Europe South Asia Asia Pacific Americas Middle East Africa BBC Homepage World Service Education
BBC Homepagelow graphics version | feedback | help
BBC News Online
 You are in: UK Politics
Front Page 
World 
UK 
UK Politics 
Talking Politics 
Mayor News 
Diary 
People in Parliament 
A-Z of Parliament 
Political Links 
Business 
Sci/Tech 
Health 
Education 
Sport 
Entertainment 
Talking Point 
In Depth 
AudioVideo 


Laura Trevelyan reports
"Mr Hague is unapologetic"
 real 28k

Conservative leader William Hague
"All members of the frontbench must support the policies of the party."
 real 28k

Shaun Woodward
"I had to live with my conscience on this issue."
 real 28k

Friday, 3 December, 1999, 17:08 GMT
Tories split over gay rights sacking
Section 28 bans local authorities from promoting homosexuality

William Hague has come under fierce criticism from within his own party over the decision to sack MP Shaun Woodward from the front bench over his position on gay rights.

London Mayor
Mr Woodward was dismissed as the party's London spokesman on Thursday after refusing to back the party against Labour's plans to allow local authorities to promote homosexuality.

He had told his party he could not support Conservative policy to keep the so-called Section 28 ruling as it might lead to teachers being unable to deal with homophobic bullying within schools.

Tory transport spokesman and Essex North MP Bernard Jenkin will now be spokesman for London, it has been announced. The brief will be handled at shadow cabinet level.

Conservative leader William Hague defended the decision to sack Mr Woodward, saying all his front bench team had to be loyal.

But Steven Norris, who has announced he will run to be Tory candidate for the Mayor of London, said the party's stance on Section 28 was "homophobic", and he backed Mr Woodward.

The former transport minister said such matters should be down to an individual MP's conscience, and decided on a free vote.

He was supported by another potential Tory candidate, businessman Ivan Massow.

Mr Massow described Section 28 as an "outdated and pretty nasty piece of policy" and said Mr Woodward's dismissal showed the party was in the grip of the "loony right".

Gay rights groups and Labour have also condemned Mr Hague for playing the "gay card".

Shaun Woodward: Sacked by pager
Mr Woodward described how he found out about his dismissal by pager message.

At a meeting with Chief Whip James Arbuthnot on Thursday, Mr Woodward was told he must support the party's opposition to abolishing Section 28.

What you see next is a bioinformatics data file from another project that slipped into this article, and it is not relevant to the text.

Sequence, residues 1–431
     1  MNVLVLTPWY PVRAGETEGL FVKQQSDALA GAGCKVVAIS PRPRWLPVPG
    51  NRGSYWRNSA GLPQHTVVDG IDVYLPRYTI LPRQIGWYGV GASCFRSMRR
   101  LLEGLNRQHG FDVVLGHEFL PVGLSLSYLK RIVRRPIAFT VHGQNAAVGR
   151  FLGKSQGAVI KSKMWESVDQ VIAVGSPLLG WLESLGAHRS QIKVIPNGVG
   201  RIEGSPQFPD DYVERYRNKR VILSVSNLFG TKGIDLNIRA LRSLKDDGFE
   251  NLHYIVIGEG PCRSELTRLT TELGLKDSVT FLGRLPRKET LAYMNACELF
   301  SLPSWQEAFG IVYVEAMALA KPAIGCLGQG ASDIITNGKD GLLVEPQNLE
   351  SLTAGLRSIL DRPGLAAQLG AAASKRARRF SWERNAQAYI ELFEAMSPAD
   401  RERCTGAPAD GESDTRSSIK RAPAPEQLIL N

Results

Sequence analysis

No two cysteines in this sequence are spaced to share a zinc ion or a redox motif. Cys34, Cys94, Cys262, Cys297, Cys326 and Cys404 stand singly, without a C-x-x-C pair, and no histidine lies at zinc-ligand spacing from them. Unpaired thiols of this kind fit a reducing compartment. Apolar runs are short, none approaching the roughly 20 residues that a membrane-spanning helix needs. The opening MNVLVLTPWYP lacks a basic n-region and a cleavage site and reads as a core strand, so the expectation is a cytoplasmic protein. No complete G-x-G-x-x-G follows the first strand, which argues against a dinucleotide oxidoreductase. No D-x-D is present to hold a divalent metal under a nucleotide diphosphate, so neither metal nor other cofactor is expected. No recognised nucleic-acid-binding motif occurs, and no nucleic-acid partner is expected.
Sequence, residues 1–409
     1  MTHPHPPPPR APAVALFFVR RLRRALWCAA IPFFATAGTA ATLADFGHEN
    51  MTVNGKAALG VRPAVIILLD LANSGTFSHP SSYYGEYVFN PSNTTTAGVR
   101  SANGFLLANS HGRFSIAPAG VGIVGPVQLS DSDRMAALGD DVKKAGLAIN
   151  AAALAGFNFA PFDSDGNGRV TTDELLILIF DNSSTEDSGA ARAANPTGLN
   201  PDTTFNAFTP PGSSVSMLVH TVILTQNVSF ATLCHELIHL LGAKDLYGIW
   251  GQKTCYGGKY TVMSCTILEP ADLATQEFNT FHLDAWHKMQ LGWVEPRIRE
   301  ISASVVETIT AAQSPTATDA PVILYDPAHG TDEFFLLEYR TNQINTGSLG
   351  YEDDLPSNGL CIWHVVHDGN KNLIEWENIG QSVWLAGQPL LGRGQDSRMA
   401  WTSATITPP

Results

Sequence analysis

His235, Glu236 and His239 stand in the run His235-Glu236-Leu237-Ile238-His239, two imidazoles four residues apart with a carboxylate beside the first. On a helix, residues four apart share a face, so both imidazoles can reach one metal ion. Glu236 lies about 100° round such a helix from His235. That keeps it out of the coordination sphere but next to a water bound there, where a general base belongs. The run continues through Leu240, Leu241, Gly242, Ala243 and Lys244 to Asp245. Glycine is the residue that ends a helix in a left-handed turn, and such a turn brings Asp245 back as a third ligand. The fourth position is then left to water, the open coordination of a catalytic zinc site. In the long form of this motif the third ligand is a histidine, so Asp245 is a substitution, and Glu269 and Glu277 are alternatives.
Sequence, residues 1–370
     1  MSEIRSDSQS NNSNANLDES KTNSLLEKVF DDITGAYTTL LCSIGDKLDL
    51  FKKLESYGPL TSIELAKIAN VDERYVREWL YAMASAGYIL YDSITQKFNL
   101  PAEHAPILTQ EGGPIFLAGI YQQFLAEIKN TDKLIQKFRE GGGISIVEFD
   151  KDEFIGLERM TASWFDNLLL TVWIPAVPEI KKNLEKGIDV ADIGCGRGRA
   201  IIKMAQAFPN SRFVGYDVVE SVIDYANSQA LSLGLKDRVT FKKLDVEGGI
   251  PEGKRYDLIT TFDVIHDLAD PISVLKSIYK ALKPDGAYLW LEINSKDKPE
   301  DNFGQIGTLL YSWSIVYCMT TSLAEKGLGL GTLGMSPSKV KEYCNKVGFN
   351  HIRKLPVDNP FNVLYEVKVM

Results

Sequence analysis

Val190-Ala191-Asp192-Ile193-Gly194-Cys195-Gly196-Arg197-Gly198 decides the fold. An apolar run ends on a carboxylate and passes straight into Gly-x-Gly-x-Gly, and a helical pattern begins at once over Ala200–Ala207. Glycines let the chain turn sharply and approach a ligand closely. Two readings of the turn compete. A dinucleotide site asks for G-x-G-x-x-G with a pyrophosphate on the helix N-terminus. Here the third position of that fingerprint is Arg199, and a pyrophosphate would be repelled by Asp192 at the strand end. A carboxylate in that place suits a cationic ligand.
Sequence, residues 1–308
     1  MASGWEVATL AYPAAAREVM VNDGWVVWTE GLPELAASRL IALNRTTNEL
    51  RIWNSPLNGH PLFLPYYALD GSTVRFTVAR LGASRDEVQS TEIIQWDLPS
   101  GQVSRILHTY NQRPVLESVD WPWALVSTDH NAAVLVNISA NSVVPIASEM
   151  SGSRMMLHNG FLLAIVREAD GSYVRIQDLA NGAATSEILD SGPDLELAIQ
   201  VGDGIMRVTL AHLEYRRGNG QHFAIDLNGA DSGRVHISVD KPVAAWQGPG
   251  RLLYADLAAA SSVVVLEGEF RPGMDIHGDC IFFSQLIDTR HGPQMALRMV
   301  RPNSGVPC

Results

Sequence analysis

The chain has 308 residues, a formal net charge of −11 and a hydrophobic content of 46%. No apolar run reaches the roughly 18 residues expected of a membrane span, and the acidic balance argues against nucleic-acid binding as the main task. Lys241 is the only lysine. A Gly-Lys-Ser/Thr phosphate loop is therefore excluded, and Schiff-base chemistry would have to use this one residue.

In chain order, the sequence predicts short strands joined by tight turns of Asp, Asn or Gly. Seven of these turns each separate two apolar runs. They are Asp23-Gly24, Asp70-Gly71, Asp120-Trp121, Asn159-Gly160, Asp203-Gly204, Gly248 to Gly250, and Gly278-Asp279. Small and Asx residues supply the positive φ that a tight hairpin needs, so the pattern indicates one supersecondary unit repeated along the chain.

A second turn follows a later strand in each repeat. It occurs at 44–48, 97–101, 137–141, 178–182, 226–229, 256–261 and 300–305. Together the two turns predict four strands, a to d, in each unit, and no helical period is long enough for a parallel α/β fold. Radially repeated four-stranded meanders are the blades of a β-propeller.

Mr Woodward said: "I left the chief whip's office at 1730 yesterday afternoon under the impression I had several hours that evening to try to come up with a good amendment that everybody would be satisfied with and I believed we were going to be able to do that.

"I discovered when I was talking to my wife on the phone that my pager had some messages on it and by the time I got those messages at 1840, an hour and quarter or so after I left the chief whip, I didn't have as it turned out have the rest of the evening to make up my mind.

"I had until 1830 and as it was 1840 I no longer had a job on the frontbench."

He said Mr Hague was right to enforce discipline on policy issues but the subject for him was troubled by serious evidence about bullying in schools.

Mr Woodward, a director of Childline, said: "I had to live with my conscience on this issue.

"I had to live with talking to every headteacher in my constituency and I had to live with the fact that I am very loyal and had been extremely loyal to William.

"I am extremely sorry the party would not give me the time to sort a way through this and took the action it did."

Ivan Massow: Candidate opposes Section 28
But Mr Hague defended the decision: "All members of the front bench must support the policies of the party and where they don't in any case they obviously have to leave the front bench.

"That will always be true for all frontbenchers and all policies. We have learnt to our cost in the past that if discipline is not enforced then the party suffers from it, so discipline will be enforced."

Section 28 was introduced under the 1988 Local Government Act to prohibit "the teaching in any maintained school of the acceptability of homosexuality as a pretended family relationship" and ban authorities from the intentional "promotion of homosexuality".

The shadow cabinet agreed at a meeting last week to put a three-line whip against a forthcoming government amendment to repeal Section 28.

Search BBC News Online

Advanced search options
Launch console
BBC RADIO NEWS
BBC ONE TV NEWS
WORLD NEWS SUMMARY
PROGRAMMES GUIDE

See also:
03 Dec 99 |  UK Politics
The full text of Shaun Woodward's letter
03 Dec 99 |  UK Politics
Tory MP sacked over gay row
01 Dec 99 |  UK Politics
Gay Tory stays in mayor race
31 Oct 99 |  UK Politics
Gay promotion ban to be lifted

Internet links:

The BBC is not responsible for the content of external internet sites
Links to other UK Politics stories are at the foot of the page.


E-mail this story to a friend

Links to more UK Politics stories